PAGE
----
Premiere Pro bug ate my videos! Bloke sues Adobe after greedy 'clean cache' wipes files

Videographer stung after app nukes '$250k' of footage

Adobe is being sued after Premiere Pro unexpectedly deleted a snapper's valuable media files.

David Keith Cooper on Wednesday sued Adobe in San Jose, USA, on behalf of himself and anyone who purchased Premiere Pro 11.1.0, and, as a result, had their personal media files nuked by the video-editing suite. The sueball claims a bug in the application caused it to judiciously erase expensive footage for his projects when he hit the "Clean Cache" function.

In his complaint [PDF], Cooper claimed he subscribed to Premiere Pro Creative Cloud in 2013, at $50 a month, and in April 2017 upgraded to Premiere Pro 2017 aka version 11.1.0. Premier Pro happened to cache its media files on the computer's internal drive.

At some point, he wanted to free up space on that drive, so told the app to instead use the "Videos" directory on an external storage device to store cached materials. That "Videos" directory also happened to contain footage Cooper, a professional photographer and videographer, had been using for his work. We think you know where this is going.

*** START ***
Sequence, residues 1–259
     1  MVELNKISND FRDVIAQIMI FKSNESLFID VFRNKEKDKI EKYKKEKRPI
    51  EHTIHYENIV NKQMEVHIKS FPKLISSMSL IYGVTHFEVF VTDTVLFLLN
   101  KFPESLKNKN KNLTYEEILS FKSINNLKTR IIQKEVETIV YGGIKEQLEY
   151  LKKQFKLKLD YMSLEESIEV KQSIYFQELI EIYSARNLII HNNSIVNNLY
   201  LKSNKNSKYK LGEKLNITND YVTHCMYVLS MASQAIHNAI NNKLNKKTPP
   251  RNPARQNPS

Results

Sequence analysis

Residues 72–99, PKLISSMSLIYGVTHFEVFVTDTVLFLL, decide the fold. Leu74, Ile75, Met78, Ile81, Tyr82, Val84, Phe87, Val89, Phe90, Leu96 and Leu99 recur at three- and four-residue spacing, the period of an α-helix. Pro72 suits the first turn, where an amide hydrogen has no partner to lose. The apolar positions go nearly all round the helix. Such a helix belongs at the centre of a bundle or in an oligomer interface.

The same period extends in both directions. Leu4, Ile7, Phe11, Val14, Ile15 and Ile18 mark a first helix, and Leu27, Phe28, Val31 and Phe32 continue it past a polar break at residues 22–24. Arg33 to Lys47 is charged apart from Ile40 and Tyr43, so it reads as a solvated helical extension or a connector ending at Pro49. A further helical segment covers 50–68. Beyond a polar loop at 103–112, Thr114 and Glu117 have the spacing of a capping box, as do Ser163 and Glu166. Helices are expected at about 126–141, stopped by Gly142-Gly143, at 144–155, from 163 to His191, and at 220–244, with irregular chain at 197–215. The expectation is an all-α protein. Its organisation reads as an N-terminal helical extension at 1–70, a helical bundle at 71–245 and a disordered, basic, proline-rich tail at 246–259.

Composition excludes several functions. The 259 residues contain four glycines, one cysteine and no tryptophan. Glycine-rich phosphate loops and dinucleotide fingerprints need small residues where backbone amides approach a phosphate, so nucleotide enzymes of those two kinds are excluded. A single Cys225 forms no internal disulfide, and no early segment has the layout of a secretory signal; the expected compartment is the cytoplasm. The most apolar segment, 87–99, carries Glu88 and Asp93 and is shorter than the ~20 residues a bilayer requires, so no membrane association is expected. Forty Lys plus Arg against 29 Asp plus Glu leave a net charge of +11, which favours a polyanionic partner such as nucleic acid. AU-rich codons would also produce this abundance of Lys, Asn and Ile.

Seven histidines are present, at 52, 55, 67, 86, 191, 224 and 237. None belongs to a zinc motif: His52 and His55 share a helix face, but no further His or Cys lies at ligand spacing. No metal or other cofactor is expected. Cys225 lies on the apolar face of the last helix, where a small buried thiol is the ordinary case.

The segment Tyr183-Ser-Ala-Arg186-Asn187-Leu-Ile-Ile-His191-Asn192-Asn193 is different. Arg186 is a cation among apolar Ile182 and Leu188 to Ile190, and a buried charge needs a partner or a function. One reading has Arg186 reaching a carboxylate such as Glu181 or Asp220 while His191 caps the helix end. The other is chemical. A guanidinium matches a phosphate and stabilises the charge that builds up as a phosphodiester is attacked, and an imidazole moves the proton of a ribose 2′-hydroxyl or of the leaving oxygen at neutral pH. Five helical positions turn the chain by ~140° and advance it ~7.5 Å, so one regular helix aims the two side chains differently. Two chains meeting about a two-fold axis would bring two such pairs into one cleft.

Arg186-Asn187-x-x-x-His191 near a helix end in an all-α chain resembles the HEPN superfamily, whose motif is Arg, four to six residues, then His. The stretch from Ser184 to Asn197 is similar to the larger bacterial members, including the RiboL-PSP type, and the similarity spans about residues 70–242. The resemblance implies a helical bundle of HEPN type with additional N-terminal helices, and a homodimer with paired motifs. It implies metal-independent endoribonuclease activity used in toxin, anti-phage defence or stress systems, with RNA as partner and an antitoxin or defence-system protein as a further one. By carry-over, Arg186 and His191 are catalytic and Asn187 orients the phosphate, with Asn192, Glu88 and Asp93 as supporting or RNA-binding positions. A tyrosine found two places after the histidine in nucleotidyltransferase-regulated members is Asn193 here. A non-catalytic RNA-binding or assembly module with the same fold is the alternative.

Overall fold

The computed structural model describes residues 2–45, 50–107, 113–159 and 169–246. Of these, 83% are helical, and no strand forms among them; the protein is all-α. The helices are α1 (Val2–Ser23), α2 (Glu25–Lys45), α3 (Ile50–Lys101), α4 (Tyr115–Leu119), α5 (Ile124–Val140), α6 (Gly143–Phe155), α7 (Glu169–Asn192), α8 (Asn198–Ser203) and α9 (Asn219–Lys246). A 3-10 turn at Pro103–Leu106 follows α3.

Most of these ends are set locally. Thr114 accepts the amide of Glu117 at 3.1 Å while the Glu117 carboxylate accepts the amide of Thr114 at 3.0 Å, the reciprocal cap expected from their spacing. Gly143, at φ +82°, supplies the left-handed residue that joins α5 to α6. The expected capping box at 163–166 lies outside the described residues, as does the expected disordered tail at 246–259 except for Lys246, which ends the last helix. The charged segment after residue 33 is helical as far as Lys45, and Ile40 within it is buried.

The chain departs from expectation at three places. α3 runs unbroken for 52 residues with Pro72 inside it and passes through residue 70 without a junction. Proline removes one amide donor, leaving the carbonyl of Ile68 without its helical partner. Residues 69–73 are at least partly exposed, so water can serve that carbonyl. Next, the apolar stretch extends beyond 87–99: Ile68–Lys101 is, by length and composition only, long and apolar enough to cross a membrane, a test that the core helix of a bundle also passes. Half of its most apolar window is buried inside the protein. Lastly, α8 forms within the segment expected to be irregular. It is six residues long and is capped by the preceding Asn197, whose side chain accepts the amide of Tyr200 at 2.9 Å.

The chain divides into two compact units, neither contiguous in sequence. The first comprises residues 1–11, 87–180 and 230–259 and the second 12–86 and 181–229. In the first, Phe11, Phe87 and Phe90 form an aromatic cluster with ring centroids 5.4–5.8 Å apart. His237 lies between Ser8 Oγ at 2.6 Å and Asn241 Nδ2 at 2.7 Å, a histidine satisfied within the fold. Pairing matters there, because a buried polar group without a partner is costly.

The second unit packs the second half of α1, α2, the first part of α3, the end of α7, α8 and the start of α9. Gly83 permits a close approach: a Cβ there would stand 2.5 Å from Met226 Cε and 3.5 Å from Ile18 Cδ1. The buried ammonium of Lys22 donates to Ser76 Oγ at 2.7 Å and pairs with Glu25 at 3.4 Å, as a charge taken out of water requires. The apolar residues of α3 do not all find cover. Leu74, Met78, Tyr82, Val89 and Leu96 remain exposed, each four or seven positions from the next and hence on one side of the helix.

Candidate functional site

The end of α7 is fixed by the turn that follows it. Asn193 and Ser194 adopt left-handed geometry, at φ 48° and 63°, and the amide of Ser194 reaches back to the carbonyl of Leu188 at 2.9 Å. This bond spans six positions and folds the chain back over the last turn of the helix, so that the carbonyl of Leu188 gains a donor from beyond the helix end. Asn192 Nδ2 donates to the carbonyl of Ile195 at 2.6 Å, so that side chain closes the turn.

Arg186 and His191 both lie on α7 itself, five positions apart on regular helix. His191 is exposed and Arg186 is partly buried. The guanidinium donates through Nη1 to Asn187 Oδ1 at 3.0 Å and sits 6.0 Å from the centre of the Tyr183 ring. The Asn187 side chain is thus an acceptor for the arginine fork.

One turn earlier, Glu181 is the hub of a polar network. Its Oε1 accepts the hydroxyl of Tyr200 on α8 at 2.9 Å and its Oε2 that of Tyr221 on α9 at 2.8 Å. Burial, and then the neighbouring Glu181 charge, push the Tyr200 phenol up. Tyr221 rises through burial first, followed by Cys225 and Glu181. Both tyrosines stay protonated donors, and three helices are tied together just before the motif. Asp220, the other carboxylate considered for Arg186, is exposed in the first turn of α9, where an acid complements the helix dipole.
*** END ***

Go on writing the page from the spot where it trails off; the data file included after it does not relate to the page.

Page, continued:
When he later hit a button to clean the suite's cache, rather than delete the "Media Cache" folder in his "Videos" directory, it instead wiped everything that hadn't been accessed for 90 or more days from the whole "Videos" directory, it is claimed.

On the third day of Windows Microsoft gave to me: A file-munching run of DELTREE


As a result, Cooper claims, he lost over 500 hours of video clips, around 100,000 individual video clips and commissioned work that was worth an estimated $250,000. Over the next three days he would try in vain to get the wiped documents back with a recovery tool.

Adobe would later acknowledge the bug in the release notes for a Premiere Pro 2017 11.1.1 update, saying the patch "changes the behavior of the media cache deletion. With 11.1.1, only files that are within the Media Cache folder’s sub-directories will be deleted. Files that sit next to it will no longer be affected."

Now, Cooper wants the software house to pay up and cover damages sustained by him and any other media professionals who had their files accidentally snuffed out by the overzealous cache-dumping.

"Adobe made material omissions upon which Plaintiff and the Class members relied, causing them financial injury," the complaint alleges.

"Adobe failed to disclose to Plaintiff and the Class members that Premiere Pro’s 'Clean Cache' function would permanently delete their Files and Data, and Plaintiff and the Class members suffered financial injuries on account of Adobe’s omissions."

Adobe declined to comment on the case, citing a policy against discussing pending litigation. ®

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